There were also decisions in this movie that I could see might have been made from a budgeting perspective, but made me laugh (unintentionally). For instance, it seems that a lot of people enjoyed public domain programming in the 1980s, as "The Corpse Vanishes" makes almost twenty percent of the films running time, along with clips from "The Terror", an Abbott and Costello piece, and Ronald Reagan hugging a monkey. I also noticed that in Roscoe's first onscreen abduction attempt, when he uses the syringe on the female victim, there's no contact with the needle on the victim. It seems like a good idea that when creating a scene like this, make sure the scene doesn't pick up the reflection of the whole needle in the light.

The film is noted as being Joe Spinell's final starring role, as he would die in 1989, and it's also written on the back that it was unfinished. From how the film ends, I was wondering if there was more to be done bet it never got a chance to be completed. Either way, while I respect the filmmakers giving Spinell another leading role and the attempt (possibly) to recapture the feeling of "Maniac," the film falls very short in both the movie's disturbing tones and onscreen violence.

Maniac


I will also take this time to bring this writing to a little bit of a side-note, and that is Joe Spinell and "Maniac" and why I have always seen that movie in a good light among horror fans. "Maniac" was co-written by Spinell, who played the main character Frank Zito, and the movie was directed by William Lustig, who also has directed the entire "Maniac Cop" trilogy. "Maniac" tells the story of Zito who lives in a small apartment, surrounding himself with mannequins, and during the night drives through the New York City area murdering and scalping women, putting his newly acquired trophies on the mannequins. The movie marries the amazing special effects of Tom Savini, coming off movies like "Dawn of the Dead" and "Friday the 13th," with the gruesome scalpings and Savini himself having his head blown off by a shotgun, with a disturbed story of a man who stalks a woman who he gets to know and how his underlying mommy-issues drive him to brutal attacks. The movie, a cult classic and having one of the best posters in horror movie history, was actually remade with Elijah Wood as the killer Zito.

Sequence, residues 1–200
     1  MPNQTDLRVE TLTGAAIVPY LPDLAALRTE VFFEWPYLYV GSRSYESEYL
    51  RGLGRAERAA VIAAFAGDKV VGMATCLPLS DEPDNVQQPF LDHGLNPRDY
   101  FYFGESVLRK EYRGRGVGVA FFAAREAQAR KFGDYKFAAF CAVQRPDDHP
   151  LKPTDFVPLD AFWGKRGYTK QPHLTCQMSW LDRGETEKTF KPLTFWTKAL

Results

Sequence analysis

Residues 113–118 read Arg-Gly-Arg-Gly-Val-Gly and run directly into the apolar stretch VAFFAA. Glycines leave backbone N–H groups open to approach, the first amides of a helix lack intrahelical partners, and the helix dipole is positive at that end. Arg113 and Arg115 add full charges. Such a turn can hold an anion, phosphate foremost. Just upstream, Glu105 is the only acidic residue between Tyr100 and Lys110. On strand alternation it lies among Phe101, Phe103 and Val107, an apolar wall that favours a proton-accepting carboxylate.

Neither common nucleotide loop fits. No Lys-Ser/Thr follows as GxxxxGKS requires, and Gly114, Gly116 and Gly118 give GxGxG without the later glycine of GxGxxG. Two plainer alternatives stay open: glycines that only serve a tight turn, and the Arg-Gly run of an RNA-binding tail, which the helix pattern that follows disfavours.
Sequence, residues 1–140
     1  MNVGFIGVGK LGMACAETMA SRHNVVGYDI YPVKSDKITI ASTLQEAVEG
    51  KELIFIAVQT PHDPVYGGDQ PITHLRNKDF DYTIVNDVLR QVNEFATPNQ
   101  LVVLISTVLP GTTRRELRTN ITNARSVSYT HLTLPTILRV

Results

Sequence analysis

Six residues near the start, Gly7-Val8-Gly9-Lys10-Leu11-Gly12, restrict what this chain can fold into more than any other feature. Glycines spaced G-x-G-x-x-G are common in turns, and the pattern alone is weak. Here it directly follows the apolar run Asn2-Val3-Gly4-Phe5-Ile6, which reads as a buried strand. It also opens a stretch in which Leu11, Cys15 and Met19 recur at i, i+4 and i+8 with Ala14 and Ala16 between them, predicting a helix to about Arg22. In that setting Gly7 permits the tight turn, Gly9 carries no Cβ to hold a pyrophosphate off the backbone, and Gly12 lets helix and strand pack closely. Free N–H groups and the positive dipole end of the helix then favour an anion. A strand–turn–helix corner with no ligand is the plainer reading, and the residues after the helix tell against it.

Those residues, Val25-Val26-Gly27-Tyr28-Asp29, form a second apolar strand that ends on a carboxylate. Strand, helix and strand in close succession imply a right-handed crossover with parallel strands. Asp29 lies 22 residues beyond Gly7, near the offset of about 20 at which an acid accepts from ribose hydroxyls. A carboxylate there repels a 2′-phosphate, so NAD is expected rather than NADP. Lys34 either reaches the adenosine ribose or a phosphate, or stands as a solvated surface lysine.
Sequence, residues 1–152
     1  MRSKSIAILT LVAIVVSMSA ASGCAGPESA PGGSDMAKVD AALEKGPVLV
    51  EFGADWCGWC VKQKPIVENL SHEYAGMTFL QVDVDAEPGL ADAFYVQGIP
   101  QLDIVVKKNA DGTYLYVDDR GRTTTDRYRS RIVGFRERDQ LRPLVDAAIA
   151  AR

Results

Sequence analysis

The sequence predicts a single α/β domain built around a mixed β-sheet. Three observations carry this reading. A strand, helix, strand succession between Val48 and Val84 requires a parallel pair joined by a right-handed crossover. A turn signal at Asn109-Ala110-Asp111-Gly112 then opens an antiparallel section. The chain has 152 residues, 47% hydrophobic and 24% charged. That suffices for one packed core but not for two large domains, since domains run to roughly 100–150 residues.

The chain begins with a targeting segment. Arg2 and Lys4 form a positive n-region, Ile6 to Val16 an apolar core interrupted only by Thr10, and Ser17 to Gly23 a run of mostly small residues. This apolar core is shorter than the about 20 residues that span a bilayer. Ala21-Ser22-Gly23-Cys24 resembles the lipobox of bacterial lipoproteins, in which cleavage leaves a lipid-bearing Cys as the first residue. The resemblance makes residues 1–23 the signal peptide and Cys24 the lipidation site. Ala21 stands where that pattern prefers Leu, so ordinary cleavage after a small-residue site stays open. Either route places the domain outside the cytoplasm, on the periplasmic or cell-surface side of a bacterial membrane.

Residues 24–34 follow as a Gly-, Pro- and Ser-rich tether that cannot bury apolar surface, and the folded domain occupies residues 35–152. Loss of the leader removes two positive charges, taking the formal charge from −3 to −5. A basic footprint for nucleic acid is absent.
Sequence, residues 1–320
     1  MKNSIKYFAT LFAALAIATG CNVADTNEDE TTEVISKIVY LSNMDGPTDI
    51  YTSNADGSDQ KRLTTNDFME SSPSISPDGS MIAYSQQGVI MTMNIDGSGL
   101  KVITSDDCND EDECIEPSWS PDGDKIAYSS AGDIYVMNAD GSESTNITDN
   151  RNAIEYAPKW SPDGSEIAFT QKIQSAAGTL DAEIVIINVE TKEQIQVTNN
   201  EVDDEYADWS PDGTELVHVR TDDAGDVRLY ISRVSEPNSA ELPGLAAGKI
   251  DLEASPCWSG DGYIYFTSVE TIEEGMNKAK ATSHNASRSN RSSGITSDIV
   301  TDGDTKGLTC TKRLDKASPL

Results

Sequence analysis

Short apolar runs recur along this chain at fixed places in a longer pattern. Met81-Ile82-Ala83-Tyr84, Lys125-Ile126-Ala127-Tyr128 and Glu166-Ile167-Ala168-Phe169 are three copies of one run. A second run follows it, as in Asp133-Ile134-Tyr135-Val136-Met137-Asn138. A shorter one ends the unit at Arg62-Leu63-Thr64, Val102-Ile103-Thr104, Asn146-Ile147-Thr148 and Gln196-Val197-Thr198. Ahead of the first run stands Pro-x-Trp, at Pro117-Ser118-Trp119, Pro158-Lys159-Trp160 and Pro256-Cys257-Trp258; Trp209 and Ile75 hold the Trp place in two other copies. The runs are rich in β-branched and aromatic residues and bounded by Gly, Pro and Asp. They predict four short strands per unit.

The movie was put out on DVD by Code Red in 2010, and along with the movie there is a short interview with actor Robert Forster, and then his daughter Kathrine, that briefly touches upon their thoughts of Spinell. "Remembering Joe" is only a few minutes and the elder Forster talks about how Spinell was interesting and the only time he ever played a good guy was in "Hollywood Harry" with Robert and Kathrine Foster. Kathrine Foster then tells of a story from the rap party of "Hollywood Harry" involving Spinell, a Glad bag, and a swimming pool. Finally, trailers for Code Red releases of "Nightmare" (aka Nightmare in a Damaged Brain), "The Carrier," "The Visitor," "Slithis," and "Horror High" round out our special features.